May 20th, 2010
Last week’s episode of The Office was absolutely, unfathomably terrible: it embodied the absolute worst characterization of Michael Scott (as a purposefully ignorant jerk with no self-awareness or human decency) until the very end, where it tried to claim that a moment of quiet reflection finally forced Michael into realizing what we, and the rest of the show’s characters, had known for the entire episode. It was a bizarre decision because it only frustrates me more: if Michael is inherently a decent human being, why are they forcing viewers to sit through twenty minutes of the character acting like a complete jerk when it’s not nearly as funny as they think it is?
I’m aware they aren’t forcing us to do anything, but when you’ve been watching a show for six years you have a certain attachment to it. And while I may have despised “The Chump,” at least I had some sort of emotional response to it. By comparison, “Whistleblower” was listless to the point of boredom, failing to feel the least bit conclusive and struggling to make anything out of what has been a complete mess of a season from a narrative perspective. None of what happened in the episode felt like it came from anything that we care about, or anything that was even developed adequately in early episodes.
And just like last week, a single moment at episode’s end is meant to make us feel like this unengaging exercise was all worth it; I’m not falling for it, and I may just be to the point where I’m falling out of even an abusive relationship with the series.
October 1st, 2009
After last week’s co-manager reveal, we knew this was the next logical step. Michael doesn’t deal well sharing power, and Jim has never actually been in power and when he has been it’s been a pretty big disaster. So, when this episode begins, we find Michael and Jim in a power struggle that shows no signs of ending easily, and which confirms what we knew about both men.
That’s not a terrible plan for an episode, but it’s problematically reductive and didn’t end up bringing anything new to these characters. While it comes to some sort of conclusion, it doesn’t feel as if it really proves anything, and the comedy throughout the episode was too scattershot for me to really claim that the largely transitional episode was as well-executed as it could have been.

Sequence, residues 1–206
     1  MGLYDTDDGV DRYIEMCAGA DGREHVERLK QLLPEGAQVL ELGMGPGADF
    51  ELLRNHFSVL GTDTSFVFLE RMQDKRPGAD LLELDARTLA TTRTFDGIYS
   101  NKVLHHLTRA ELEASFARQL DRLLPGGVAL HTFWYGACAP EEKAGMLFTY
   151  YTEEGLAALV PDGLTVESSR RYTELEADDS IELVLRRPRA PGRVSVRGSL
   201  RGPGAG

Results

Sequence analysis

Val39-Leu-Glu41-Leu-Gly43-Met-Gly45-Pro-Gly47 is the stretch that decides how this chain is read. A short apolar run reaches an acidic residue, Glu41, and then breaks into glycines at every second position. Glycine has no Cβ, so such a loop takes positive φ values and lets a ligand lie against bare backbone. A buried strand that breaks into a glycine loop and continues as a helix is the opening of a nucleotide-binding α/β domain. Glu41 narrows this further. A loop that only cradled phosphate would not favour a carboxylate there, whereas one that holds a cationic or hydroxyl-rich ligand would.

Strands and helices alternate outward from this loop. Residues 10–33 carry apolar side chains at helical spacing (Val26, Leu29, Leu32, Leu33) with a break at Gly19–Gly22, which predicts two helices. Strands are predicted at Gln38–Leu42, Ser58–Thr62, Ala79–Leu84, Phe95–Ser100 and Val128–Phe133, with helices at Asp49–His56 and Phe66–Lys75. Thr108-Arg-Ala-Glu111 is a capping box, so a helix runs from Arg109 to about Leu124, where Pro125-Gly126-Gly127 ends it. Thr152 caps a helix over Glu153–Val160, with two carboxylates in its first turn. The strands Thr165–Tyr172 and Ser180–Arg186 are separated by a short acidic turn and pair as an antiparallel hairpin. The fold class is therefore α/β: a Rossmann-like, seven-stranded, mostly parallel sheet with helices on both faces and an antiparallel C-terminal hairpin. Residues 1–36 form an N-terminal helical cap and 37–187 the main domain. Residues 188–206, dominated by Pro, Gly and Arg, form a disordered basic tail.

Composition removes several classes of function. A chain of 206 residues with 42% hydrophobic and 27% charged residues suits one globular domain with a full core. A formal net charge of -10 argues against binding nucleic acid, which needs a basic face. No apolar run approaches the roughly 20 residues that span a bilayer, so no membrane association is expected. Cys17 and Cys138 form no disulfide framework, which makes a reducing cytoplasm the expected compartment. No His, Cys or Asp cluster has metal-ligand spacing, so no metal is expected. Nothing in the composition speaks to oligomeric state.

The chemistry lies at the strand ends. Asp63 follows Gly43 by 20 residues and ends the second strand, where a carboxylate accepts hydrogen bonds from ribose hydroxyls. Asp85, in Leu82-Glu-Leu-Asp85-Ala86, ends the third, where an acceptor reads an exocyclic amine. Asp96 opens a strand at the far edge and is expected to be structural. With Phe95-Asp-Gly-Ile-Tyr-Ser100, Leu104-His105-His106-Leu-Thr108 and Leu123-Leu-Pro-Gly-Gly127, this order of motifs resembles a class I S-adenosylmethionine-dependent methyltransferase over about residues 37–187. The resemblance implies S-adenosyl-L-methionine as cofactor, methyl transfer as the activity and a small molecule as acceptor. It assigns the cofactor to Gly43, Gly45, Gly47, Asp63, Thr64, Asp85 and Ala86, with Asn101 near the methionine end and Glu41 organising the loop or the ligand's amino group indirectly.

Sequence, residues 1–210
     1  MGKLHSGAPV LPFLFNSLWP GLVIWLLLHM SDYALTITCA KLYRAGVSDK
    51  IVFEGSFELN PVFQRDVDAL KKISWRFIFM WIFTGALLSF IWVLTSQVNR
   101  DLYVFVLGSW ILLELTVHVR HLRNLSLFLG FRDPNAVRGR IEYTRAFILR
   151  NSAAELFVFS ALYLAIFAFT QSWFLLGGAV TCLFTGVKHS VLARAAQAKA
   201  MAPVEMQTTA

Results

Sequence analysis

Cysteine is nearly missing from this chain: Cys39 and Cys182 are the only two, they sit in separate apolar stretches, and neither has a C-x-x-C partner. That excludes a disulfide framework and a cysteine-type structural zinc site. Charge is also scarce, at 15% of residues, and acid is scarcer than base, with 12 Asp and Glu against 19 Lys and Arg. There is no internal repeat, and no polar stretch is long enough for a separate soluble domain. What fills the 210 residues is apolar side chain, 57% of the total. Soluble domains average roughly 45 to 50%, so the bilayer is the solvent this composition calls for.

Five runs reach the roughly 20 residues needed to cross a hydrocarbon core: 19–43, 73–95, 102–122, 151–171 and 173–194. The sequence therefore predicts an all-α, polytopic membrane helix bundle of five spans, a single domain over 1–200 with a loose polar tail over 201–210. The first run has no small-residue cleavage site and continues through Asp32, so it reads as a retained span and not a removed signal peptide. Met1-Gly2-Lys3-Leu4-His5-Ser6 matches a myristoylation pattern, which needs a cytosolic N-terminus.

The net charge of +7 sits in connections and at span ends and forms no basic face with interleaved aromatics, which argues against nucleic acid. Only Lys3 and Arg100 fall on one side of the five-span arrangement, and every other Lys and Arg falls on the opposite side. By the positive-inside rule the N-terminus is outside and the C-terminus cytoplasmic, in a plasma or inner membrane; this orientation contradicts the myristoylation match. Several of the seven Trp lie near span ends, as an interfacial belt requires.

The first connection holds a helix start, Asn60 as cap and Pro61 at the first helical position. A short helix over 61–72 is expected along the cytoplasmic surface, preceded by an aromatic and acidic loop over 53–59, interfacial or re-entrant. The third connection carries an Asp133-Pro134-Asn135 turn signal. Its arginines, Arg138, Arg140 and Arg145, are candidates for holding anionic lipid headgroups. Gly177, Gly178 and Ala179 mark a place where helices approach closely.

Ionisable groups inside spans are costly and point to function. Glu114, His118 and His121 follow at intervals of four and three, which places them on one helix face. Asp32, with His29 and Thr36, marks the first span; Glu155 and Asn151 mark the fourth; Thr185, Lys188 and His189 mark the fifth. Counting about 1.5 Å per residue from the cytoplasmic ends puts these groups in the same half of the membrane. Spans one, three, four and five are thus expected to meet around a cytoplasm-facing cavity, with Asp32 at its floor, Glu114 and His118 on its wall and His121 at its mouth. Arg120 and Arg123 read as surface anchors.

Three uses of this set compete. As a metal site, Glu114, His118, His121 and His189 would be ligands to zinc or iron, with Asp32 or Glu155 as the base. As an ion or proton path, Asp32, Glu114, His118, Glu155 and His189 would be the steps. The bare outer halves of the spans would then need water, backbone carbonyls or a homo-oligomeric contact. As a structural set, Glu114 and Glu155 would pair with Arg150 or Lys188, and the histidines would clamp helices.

At least it was a great Oscar episode, right?
“The Jiminy Conjecture”
September 28th, 2009
I know it’s unrealistic, but part of me wanted this episode to start with a moment of recognition from Leonard as to how he treated Sheldon last week, and for that matter a moment for Sheldon to reflect on his own behaviour. I know that this is a traditional sitcom, one where the storyline from the week before could well have never happened (to some degree) before this one, which meant that the show will pick up the next day in some ways but not in others, but part of me wanted them to admit that what happened in the season premiere was not just another incident, and that Sheldon quitting his job was not something that can just be rewritten and forgotten.
However, that didn’t happen: there are no apologies, Sheldon magically has his job back, and the only thing that continues on is Penny and Leonard’s relationship. As such, this is my final complaint: I think it was a mistake, and that it tainted what could have been a strong premiere.
Now, moving onto “The Jiminy Conjecture,” this was an example of the show going back to basics by dividing off their characters and letting the Sheldon, Raj and Howard have some fun while Leonard and Penny attempt to figure out their relationship. While my past views on the show can tell you which side of the episode I preferred, it was a fun half hour of comedy at the end of the day, which is more than I can say for the convoluted premiere.
November 20th, 2008
Michael Scott is not a heartless man – he may hate Toby with every fibre of his being, and he may act as if his return is in fact a 911 emergency, but this does not mean that Michael is a terrible person. Under the circumstances, it makes perfect sense that Toby (Paul Lieberstein) returning would make Michael upset: he didn’t know he was there for a week because he refuses to go into the annex because “that’s where Holly worked,” and his most hated person replacing the person he loved would be highly problematic for anyone, yet alone someone as devoid of stability as Michael.
What works about “Frame Toby” (Michael’s initial reaction to his return, Dwight’s contribution to the eponymous effort, the conclusion of that particular story arc) works fine, but it felt like there was a bigger story here. The last time Michael was this adversarial with a co-worked was in “Goodbye, Stanley,” an episode where Michael finally came to his senses at episode’s end and he and Stanley actually talked out their differences. One of those scenes here could have gone a long way to formalizing Michael’s Holly issues, but the episode never goes there; instead, it spends a bit too much time on Pam’s non-triumphant return to the office, and never quite feels like a cohesive episode or something that adds to the existing mythology of this epic feud.